Why do we need to work in partnership?
The shape of Scottish society and the health and care needs of our communities locally are changing. People are living longer, healthier lives and as the needs of our society change, so too must the nature and form of our public services.
In the next 10 years, the number of people in Scotland aged over 75 is likely to have increased by over 25%. In the same period, it’s also estimated that nearly two-thirds of people will have developed a long-term condition by the age of 65.
Health and social care services and partners can work better together to ensure that the needs of those who use services are more ‘anticipated’. Better use of their combined resources can help to put an emphasis on anticipatory care which could result in the prevention of unplanned admissions to hospital or long-term care which will result in individuals benefiting from an improved quality of life, maintaining independence for longer and minimising support needs.
Prevention is at the heart of public service reform with integrated preventative approaches including anticipatory care, promoting physical activity and introducing technology and rehabilitation interventions to prevent or delay functional decline and disability.
We are now able to prevent, detect and treat illness earlier and understand more about how long-term conditions affect people’s lives. We have a better understanding of the support that people need to live their lives on their own terms. In future, local integrated networks of care and support will build stronger links with the many local voluntary services and resources that help people to stay well.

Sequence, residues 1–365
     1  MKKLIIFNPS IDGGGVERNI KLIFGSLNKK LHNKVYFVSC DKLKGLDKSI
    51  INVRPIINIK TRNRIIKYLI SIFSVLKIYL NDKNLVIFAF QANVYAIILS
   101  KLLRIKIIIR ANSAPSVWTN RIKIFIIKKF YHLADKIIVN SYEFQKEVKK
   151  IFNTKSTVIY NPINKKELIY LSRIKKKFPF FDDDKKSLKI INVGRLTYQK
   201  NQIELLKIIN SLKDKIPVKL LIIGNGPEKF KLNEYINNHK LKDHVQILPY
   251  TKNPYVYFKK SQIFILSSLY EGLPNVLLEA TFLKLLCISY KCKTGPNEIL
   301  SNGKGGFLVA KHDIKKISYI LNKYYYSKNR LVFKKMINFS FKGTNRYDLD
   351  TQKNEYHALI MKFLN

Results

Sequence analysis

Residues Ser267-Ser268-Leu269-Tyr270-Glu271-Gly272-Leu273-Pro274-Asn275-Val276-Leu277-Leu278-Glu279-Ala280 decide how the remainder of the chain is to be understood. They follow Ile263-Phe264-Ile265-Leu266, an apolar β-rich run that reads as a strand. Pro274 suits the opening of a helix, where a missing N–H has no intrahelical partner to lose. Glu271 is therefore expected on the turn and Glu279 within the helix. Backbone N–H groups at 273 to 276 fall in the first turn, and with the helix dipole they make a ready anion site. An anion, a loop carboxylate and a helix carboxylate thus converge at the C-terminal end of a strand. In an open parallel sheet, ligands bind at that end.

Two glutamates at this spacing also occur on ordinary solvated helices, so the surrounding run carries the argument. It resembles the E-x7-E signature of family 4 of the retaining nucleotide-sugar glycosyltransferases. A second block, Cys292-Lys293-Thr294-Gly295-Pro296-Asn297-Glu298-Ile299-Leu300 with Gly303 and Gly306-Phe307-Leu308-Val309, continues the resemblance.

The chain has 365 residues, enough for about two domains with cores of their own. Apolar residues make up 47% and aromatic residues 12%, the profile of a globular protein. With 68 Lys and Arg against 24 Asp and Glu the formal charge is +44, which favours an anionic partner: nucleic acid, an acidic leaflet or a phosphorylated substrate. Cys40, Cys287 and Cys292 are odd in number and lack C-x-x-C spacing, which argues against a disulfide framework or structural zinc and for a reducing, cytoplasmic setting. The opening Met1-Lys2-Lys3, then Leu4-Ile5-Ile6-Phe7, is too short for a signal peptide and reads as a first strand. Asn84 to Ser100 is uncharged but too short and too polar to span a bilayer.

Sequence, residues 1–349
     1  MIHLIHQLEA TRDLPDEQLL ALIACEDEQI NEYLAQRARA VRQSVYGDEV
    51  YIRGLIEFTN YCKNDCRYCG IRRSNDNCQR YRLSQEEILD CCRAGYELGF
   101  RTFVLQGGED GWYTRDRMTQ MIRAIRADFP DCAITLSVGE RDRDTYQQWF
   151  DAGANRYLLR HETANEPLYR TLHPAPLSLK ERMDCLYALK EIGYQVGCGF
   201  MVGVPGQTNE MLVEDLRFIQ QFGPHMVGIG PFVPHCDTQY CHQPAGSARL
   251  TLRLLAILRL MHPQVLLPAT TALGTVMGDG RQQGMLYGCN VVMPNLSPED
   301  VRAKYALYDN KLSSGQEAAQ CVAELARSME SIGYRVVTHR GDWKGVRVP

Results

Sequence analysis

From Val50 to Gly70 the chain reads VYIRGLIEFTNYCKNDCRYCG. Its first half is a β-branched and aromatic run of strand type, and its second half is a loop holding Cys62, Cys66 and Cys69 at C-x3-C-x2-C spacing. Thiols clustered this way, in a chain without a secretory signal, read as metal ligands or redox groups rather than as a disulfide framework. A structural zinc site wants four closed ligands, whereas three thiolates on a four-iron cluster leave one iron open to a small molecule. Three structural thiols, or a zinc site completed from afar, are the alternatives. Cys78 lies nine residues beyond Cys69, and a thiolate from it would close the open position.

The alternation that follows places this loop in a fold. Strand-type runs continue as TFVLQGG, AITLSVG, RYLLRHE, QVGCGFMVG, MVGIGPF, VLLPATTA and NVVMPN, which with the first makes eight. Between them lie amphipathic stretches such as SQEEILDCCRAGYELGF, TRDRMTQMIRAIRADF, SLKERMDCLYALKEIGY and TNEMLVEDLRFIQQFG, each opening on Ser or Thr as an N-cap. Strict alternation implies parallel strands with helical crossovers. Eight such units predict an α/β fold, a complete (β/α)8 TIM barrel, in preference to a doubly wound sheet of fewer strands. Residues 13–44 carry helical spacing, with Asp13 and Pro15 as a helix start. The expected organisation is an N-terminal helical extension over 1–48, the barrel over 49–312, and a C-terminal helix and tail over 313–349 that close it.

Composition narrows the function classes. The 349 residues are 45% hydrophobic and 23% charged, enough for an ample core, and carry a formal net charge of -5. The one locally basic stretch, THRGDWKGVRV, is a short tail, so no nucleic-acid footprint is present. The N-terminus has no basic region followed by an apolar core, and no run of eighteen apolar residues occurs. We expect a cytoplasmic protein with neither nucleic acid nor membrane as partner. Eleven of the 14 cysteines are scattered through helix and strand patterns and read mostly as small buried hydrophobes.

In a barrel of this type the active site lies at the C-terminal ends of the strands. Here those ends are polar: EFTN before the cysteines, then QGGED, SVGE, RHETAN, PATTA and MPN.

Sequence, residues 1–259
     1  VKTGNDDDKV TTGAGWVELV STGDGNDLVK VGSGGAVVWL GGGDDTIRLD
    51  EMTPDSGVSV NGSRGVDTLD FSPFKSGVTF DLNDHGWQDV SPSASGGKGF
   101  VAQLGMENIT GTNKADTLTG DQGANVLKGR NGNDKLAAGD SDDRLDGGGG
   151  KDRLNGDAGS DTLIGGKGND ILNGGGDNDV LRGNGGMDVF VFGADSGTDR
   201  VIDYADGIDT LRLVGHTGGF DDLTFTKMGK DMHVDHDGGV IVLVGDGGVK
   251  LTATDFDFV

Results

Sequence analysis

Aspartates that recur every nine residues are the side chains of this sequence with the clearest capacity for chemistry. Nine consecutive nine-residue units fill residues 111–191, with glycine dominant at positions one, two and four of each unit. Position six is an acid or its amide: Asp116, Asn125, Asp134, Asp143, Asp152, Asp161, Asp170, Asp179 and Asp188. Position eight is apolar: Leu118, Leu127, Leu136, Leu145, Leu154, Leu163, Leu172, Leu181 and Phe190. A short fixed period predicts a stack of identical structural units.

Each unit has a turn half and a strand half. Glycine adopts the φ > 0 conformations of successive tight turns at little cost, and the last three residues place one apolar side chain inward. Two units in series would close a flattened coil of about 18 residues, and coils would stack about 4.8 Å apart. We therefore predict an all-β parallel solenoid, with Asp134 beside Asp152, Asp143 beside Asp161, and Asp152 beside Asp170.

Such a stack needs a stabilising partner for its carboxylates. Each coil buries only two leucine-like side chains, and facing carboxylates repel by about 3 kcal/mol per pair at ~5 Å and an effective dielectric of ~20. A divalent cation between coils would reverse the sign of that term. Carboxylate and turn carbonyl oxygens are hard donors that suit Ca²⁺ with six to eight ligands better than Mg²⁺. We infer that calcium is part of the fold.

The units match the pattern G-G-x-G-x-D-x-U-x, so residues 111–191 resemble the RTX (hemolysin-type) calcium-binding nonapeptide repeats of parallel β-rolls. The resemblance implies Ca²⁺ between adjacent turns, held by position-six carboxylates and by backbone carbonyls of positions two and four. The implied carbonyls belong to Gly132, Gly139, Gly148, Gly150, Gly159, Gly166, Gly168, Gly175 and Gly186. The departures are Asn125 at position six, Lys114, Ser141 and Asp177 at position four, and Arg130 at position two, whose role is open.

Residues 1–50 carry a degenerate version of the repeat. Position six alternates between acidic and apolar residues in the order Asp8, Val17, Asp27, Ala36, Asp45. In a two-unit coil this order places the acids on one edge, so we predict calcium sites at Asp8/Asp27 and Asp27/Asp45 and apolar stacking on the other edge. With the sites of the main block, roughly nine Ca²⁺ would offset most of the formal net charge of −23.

What are we trying to achieve?
The Scottish Government has set out nine national health and well-being outcomes for people.
- People are able to look after and improve their own health and well-being and live in good health for longer.
- People, including those with disabilities or long-term conditions, or who are frail, are able to live, as far as reasonably practicable, independently and at home or in a homely setting in their community.
- People who use health and social care services have positive experiences of those services, and have their dignity respected.
- Health and social care services contribute to reducing health inequalities.
- People who provide unpaid care are supported to look after their own health and well-being, including to reduce any negative impact of their caring role on their own health and well-being.
- People who work in health and social care services feel engaged with the work they do and are supported to continuously improve the information, support, care and treatment they provide.
- People using health and social care services are safe from harm.
- Resources are used effectively and efficiently in the provision of health and social care services.